Following images are of Studio Hide work in progress taken at my MA Art and Science Studio at CSM or during last week’s degree show installation.
Degree Show | 25-29 May 2016
DATES | Wed 25th – Sun 29th May 2016
LOCATION | Central Saint Martins, University of the Arts London, 1 Granary Square, London N1C 4AA, United Kingdom
OPENING TIMES | Wed to Fri 12.00 – 20.00 | Sat to Sun 12.00 – 18.00
UNFOLDING REALITIES presents the work of 20 MA Art and Science graduates at Central Saint Martins. Since its inception in 2011 this pioneering course, the first of its kind, has provided a unique global platform for students across a wide range of fields, on which they extend and contribute to the expanding interdisciplinary branch of knowledge – Art and Science. Responding to this fast emerging territory for collaborative practice which redefines creativity across disciplines, UNFOLDING REALITIES practitioners from fine art, design, photography, neuroscience, art history, mathematics, choreography and architecture have been inspired by their individual connections and observations of the world and the challenge of interrogating this beyond disciplinary boundaries.
Over past months, a lot of exciting has happened. I’ve dived into Walthamstow Wetlands research and met some fantastic people in and outside of my MA Art and Science at CSM. One of which is my valued collaborator Dr Johanne Orchard-Webb, Research Fellow, Lee Valley Team of Hydrocitizenship – arts and humanities project funded by AHRC. It has been a true pleasure to exchange ideas and experiences with Jo. She has written a fantastic post about the ways how our collaboration has developed and what it has entailed so far.
Dr Jo Orchard-Webb wrote:
“While we have used different approaches to exploring ideas around what we call ‘hydrocitizenship’, there is a good deal of common ground in our thematic findings, and this ongoing process of research collaboration has for me highlighted the importance of multi-disciplinary teams working together to explore and understand hydro-social relations.”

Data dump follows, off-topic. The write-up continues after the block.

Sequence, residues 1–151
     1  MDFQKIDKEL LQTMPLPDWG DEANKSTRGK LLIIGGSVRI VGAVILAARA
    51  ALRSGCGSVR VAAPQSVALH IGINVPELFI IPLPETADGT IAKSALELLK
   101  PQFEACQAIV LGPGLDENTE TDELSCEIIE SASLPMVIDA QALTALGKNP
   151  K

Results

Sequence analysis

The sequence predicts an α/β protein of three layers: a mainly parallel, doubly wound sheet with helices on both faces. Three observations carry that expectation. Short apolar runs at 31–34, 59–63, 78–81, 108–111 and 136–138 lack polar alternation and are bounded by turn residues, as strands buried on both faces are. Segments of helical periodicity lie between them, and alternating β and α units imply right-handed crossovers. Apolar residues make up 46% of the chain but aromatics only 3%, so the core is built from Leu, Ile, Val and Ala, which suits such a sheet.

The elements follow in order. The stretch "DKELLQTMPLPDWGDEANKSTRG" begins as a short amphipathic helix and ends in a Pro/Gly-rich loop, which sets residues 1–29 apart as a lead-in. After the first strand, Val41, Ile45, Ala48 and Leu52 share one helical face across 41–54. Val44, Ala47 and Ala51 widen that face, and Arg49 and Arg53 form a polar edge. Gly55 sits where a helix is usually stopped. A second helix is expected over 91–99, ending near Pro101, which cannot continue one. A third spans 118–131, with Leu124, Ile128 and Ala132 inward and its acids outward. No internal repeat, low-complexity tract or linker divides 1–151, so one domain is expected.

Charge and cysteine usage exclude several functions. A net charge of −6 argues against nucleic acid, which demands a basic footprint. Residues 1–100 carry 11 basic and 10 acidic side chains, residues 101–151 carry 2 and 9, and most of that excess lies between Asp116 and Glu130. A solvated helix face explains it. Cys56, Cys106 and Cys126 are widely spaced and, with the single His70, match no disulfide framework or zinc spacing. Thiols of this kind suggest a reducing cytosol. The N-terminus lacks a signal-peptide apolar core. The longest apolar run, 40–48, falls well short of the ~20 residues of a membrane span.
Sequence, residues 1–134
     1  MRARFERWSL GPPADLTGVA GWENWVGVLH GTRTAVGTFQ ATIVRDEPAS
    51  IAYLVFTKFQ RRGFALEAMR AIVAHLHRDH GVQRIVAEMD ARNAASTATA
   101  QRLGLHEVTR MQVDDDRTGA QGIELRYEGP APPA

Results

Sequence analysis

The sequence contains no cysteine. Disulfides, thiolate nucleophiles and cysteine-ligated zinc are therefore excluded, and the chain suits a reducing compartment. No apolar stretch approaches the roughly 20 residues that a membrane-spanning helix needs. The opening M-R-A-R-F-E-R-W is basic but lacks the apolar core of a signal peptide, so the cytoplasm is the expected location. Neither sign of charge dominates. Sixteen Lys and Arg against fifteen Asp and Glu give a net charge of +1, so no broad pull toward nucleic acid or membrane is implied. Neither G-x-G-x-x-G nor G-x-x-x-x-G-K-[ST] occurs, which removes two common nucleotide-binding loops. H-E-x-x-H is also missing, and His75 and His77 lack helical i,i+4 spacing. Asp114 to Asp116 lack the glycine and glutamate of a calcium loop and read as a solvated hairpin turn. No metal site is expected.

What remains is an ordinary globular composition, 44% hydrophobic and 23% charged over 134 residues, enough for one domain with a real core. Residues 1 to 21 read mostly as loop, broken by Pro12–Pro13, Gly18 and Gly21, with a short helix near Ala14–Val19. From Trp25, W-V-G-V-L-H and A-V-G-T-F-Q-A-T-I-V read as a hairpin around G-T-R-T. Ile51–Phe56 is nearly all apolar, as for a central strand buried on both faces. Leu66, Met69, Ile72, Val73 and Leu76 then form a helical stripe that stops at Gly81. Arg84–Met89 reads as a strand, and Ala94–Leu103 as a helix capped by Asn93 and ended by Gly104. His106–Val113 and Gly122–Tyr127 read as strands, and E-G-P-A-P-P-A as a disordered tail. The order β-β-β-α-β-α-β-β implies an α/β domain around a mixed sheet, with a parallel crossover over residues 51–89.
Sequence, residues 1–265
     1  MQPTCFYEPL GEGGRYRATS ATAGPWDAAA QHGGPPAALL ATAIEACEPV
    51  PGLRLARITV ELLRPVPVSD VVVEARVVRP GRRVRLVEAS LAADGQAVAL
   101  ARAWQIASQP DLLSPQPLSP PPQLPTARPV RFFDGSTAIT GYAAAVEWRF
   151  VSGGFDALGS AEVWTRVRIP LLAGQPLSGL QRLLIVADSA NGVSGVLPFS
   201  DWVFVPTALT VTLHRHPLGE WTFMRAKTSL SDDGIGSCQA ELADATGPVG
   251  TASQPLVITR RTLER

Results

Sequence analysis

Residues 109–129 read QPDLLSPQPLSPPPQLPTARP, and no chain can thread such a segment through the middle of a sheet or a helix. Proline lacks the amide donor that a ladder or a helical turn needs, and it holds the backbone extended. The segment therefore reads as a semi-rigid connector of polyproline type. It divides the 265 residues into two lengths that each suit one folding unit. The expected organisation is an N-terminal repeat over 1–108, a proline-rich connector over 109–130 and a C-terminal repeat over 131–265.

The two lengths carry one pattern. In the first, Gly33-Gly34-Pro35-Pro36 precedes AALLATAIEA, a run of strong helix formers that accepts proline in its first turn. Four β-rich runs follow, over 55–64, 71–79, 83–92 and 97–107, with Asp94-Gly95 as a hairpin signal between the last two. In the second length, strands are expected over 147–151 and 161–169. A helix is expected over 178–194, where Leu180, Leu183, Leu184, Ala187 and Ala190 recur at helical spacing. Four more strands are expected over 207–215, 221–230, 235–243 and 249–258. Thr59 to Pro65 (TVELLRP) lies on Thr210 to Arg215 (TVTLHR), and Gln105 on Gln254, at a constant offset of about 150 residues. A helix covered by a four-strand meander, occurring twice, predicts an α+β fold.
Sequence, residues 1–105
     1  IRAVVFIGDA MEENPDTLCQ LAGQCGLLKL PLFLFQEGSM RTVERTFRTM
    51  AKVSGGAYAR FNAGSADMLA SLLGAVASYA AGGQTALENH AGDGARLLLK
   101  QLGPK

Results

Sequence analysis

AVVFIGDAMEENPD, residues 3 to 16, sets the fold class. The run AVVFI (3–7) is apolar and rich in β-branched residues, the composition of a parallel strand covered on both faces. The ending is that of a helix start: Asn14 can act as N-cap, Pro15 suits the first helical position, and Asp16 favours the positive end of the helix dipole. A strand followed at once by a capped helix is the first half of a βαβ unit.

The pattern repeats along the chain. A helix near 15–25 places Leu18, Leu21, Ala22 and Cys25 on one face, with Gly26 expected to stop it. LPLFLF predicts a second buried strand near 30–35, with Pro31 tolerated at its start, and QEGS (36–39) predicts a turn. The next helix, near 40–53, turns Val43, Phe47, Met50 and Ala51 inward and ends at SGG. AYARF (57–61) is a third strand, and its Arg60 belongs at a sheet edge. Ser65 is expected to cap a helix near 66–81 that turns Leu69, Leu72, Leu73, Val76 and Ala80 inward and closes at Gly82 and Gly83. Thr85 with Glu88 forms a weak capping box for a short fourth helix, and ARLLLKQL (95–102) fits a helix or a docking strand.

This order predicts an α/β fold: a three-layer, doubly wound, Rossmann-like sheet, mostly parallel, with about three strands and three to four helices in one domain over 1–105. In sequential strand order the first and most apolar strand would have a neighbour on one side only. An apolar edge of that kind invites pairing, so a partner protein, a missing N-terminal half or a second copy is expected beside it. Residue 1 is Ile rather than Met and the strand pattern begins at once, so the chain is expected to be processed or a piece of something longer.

To read the full post and find out more, please click on the following link.
‘Fisherman’s Flies’ by Silvia Krupinska. Image taken at Walthamstow Wetlands, on one of the orientation walks organised by London Wildlife Trust.
Pictures from trip 4 at Walthamstow Wetlands working on The Rivers Project. Apart from the bedeguar gall (the red fluffy thing below), herons were very approachable this time to my surprise. I was thrilled to have used my binoculars for the first time, too! It was truly one of the exceptional days.
Image below: Diplolepis rosae is not a lichen which I thought first. It’s an insect nest. Who would have thought? Read more about it here: https://en.wikipedia.org/wiki/Diplolepis_rosae
The Rivers Project continues and this time I’m focusing my energy on a local place, oppose to one abroad in Slovakia. This new body of small scale works will be exhibited in a very local event too. The Leytonstone Library has been closed for a while, but it’s due to reopen with a big launch on Saturday 12th September. Once it’s open, my works will be on display for about a month, details are to be seen. I have no time to spare to be ready on time! Come and walk with me! And of course, please join us at the big opening in Leytonstone, if you are around! The series begins…
Here I am :
You can listen to my sound notes from the third visit in Walthamstow Wetlands on recorded on 16th August 2015. This is best to listen if you need to relax or just escape for a while. No rushing there but simple explorations. The notes are unedited and leave about 20 min to hear it in full. When I refer to a bird family of Bitterns, now I know they were Moots actually!